Ben: Hey, Liz.

Liz: Hey Ben.

Ben: Should we just enter introduce ourselves now? Hi, I'm Ben Klemens.

Liz: I'm Liz Landau

Ben: And this is

Both: Pod Paper Scissors.

[Opening theme. "You've gotta make decisions."]

Liz: You know Ben I've been thinking, we haven't gone back to the Prisoner's Dilemma in a while.

Ben: Yeah, that was Episode Two. It's always got to be really early in any sort of game theory—We're the _only_ game theory podcast. So I guess I'm right in saying it's got to be really early in any game theory podcast.

Liz: But some of you who have joined us more recently, and for those of you who have been with us the whole time, we want to give you more of the Prisoner's Dilemma.

Ben: There's so much more.

Liz: In fact, it doesn't even have to be about prisoners.

Ben: Yeah, in fact, I always kind of disliked the story of prisoners in interrogation rooms. It's kind of like, the Prisoner's Dilemma has so many applications, we don't need a contrived example.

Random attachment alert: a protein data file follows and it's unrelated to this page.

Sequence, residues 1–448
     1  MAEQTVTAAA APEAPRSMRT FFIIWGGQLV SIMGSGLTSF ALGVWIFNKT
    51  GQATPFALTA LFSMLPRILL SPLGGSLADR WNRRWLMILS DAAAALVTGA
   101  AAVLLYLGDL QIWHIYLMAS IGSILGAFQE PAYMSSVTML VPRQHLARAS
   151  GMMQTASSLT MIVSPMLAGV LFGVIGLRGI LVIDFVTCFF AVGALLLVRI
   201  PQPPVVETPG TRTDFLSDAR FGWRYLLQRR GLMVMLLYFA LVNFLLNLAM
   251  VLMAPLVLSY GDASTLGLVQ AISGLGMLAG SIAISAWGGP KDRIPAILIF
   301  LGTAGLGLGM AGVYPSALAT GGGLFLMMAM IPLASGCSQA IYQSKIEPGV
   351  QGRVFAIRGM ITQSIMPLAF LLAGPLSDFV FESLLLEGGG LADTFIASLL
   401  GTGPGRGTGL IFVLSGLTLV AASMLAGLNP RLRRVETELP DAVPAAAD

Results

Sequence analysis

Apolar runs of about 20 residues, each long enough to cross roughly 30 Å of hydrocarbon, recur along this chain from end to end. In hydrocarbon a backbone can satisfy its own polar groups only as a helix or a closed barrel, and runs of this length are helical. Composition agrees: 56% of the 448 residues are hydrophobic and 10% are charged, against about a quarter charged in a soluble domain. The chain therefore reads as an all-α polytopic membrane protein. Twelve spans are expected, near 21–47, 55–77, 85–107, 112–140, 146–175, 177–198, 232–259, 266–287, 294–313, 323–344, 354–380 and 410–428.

Liz: Yeah, like for example, let's say I have a roommate, and her name is Chellie. Chellie, and I share a kitchen. And sometimes we notice that a lot of dishes pile up in the sink because somebody has to take responsibility for loading and unloading the dishwasher.

Ben: Ideally, you just hang out and let Chellie do the dishes, and Chellie, she's probably just hanging out, hoping that you will do the dishes.

Liz: Right? And so if neither of us actually move dishes into the dishwasher, then we're just gonna have a really cluttered kitchen of dirty dishes.

Ben: Yeah, and if you work together, then you both put out some effort.

Liz: Yeah, but if one of us is always doing the work, and the other one is just chillin, then the one who's just doing all of the work is going to feel resentful of the chillin' one.

Ben: Chillin' Chellie.

Liz: Chillin' Chellie.


Ben: Game theoretically, the core point of it is that ideally, everyone coöperates and the dishes get done quickly. But everyone always has the incentive to slack off and let other people do the work, or just be uncooperative, as per our theme song. Did we only play the theme song in full in the first episode?

Liz: That's true. However, we can end on that note.